13. ^ Bowers, Q. David. Sherman, Mike (ed.). "Draped Bust Half Dime". PCGS CoinFacts. Archived from the original on August 3, 2021. Retrieved 2017-08-18. Half dimes of this era are scarce, with 1802 being a prime rarity. Most surviving examples of various 1800-1805 dates are seen in lower ranges of condition, from About Good to Very Good or so. Fine specimens are not easy to locate, Very Fine pieces are still more elusive, and Extremely Fine coins are rare. Strictly Uncirculated pieces are extremely rare. Those that do come on the market are apt to be dated 1800. Uncirculated specimens dated 1801, 1802, 1803 and 1805 are exceedingly rare or non-existent. (No pieces were coined in 1804.)
  14. ^ Yeoman, R. S. (2016). Bressett, Kenneth; Bowers, Q. David; Garrett, Jeff (eds.). A Guide Book of United States Coins (Deluxe "Mega Red" ed.) 2017 ("The Official Red Book of United States Coins") (2nd ed.). Atlanta, Georgia: Whitman. pp. 627–631. ISBN 978-0794843922. OCLC 926062081. The majority of pieces surviving today are dated 1800, and nearly all of the AU or finer coins are of this date.
  15. ^ "How United States Coins are Graded". Collectors Universe, Inc. June 12, 1995. Retrieved August 22, 2017. ... the designation BU (Brilliant Uncirculated) is frequently used to describe uncirculated coins. Because of the absence of a numerical grade, this term is ambiguous at best. Often, coins that are offered as BU may in reality be AU (About Uncirculated) by strict definition.
  16. ^ Enders, David. "Glossary". Archived from the original on September 27, 2022. Retrieved August 21, 2017. Brilliant Uncirculated - Refers to a coin which has not been circulated and which still retains the majority of its original mint luster. Sometimes "Uncirculated" and "Brilliant Uncirculated" are used interchangeably. However "Brilliant" [should] not be applied to a coin which has significant defects impairing its eye appeal or which is lacking in luster.
  17. ^ Reynolds, Greg (2011-04-20). "The Advertising of 'Choice' or 'Gem' Uncertified Coins". CoinWeek. CoinWeek, LLC. Archived from the original on July 5, 2022. Retrieved 2017-08-18. I am concerned that some advertisers in widely read 'print' coin publications are selling uncertified coins as 'Choice' (implied or thought to be MS-63 or higher), Very Choice (thought to grade MS-64), or Gem Uncirculated (thought to be MS-65 or higher) that do NOT come close to qualifying for such grades.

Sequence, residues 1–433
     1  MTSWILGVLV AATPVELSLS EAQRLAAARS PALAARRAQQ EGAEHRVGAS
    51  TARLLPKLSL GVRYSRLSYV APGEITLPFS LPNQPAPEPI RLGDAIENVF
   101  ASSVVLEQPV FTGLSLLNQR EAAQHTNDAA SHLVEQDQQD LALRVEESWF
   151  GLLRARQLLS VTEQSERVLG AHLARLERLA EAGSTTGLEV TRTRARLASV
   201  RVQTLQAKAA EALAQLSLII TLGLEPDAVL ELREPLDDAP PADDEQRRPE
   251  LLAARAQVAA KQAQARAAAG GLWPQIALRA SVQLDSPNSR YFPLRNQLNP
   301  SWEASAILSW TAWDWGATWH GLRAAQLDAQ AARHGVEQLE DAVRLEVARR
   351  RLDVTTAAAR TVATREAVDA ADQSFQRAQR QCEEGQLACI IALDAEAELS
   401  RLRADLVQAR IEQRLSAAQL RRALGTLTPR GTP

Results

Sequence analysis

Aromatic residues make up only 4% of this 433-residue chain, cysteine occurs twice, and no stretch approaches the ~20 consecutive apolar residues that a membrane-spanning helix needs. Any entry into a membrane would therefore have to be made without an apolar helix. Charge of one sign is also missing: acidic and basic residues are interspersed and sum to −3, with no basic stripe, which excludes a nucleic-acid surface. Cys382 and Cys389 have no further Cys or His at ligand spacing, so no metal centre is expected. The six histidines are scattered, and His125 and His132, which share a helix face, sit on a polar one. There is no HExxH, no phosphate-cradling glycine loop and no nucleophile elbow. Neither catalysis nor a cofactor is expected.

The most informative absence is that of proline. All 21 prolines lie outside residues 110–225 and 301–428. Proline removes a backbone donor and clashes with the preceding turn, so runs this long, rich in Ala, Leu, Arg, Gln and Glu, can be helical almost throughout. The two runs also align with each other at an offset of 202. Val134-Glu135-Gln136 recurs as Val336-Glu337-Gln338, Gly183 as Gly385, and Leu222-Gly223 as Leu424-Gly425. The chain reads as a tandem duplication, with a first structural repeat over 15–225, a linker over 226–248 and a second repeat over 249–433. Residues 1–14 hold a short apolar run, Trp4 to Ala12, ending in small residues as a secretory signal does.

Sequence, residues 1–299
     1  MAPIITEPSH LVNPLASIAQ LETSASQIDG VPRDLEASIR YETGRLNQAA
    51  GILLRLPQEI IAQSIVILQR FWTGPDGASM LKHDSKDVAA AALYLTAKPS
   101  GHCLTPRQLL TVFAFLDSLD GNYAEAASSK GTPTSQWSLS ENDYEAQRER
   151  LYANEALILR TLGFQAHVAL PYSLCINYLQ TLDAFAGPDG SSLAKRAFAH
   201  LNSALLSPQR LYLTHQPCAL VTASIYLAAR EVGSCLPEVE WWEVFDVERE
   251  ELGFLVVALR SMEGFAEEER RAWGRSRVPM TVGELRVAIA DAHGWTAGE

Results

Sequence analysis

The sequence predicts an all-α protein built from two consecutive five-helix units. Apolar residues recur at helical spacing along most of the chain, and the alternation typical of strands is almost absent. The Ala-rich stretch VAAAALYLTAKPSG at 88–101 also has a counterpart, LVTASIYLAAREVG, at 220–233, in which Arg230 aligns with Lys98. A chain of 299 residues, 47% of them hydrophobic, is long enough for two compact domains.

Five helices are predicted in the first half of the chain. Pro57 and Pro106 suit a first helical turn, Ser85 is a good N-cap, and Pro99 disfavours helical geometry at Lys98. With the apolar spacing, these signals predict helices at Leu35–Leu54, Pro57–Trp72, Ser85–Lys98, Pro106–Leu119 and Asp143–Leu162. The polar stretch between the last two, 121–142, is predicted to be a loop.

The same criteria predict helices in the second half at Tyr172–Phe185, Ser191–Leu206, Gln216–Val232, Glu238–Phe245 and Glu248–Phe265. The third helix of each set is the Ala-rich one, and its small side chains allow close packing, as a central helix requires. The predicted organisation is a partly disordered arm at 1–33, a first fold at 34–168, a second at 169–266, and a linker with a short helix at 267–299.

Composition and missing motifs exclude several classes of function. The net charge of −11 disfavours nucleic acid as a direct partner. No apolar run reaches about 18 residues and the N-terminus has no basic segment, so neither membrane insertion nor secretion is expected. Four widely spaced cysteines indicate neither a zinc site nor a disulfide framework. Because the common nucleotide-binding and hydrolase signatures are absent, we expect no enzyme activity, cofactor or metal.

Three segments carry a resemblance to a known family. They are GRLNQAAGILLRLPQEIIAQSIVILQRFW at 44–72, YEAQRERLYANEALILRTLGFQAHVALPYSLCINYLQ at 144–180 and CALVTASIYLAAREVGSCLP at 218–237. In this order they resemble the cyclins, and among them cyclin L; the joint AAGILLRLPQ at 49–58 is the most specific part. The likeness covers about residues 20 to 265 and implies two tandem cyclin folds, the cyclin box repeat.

18. ^ The Official American Numismatic Association Grading Standards for United States Coins. Bressett, Kenneth E.,, Bowers, Q. David,, American Numismatic Association. (7th ed.). Atlanta, GA: Whitman. 2013. ISBN 978-0794838249. OCLC 857586264. The ANA has not established equivalent official adjectives for the listings within the MS-60 to MS-70 range. Commercially, MS-70 coins are often called Perfect Uncirculated, MS-65 coins are often called Gem Uncirculated, and MS-63 coins are Choice Uncirculated.((cite book)): CS1 maint: others (link)
  19. ^ a b Headley, Susan (May 18, 2017). "What Is a "BU" Coin?". The Spruce. Archived from the original on December 7, 2021. Retrieved August 18, 2017. Common adjective grading usually maps to the following Mint State grades: Uncirculated (MS-60, MS-61, MS-62): A technically uncirculated coin with abundant and noticeable defects such as bag marks and scrapes. It is usually accompanied by a poor strike and dull mint luster. Select Uncirculated (MS-63): An uncirculated coin with fewer deficiencies and better eye appeal been lower Mint State grades. Choice Uncirculated (MS-64): These coins have moderate distracting bag marks and/or very few, but noticeable, light scratches due to handling. Eye appeal will be good, but not outstanding. Gem Uncirculated (MS-65, MS-66): any uncirculated coin with only minor and light distracting marks or imperfections. Strike and eye appeal will be above average for the coin type.
  20. ^ a b "Coin collecting terms, slang, glossary". Professional Coin Grading Service. Retrieved August 18, 2017. Choice Uncirculated - An Uncirculated coin grading MS-63 or MS-64. ... Gem Uncirculated - The adjectival equivalent of Mint State 65 or 66.
  21. ^ "BU (Brilliant Uncirculated) / Mint State". FDR Capital LLC. Retrieved August 18, 2017. Uncirculated MS-60 ... Uncirculated MS-61 ... Uncirculated MS-62 ... Select Uncirculated MS-63 ... Choice Uncirculated MS-64 ... Gem Uncirculated MS-65 ... Gem Uncirculated MS-66 ... .
  22. ^ Enders, David. "Glossary". Dave's Collectible Coins. Retrieved August 18, 2017. Sheldon Scale - The modern numerical grading scale used for grading coins. The scale was created by American numismatist Dr. William H. Sheldon in 1949. This scale has become widely known and firmly accepted as the standard for coin grading in the US. The scale runs from 1 to 70 as follows: ... MS-60 - Uncirculated, ... MS-63 - Choice Uncirculated ... MS-65 - Gem Uncirculated ... MS-67 - Superb Gem Uncirculated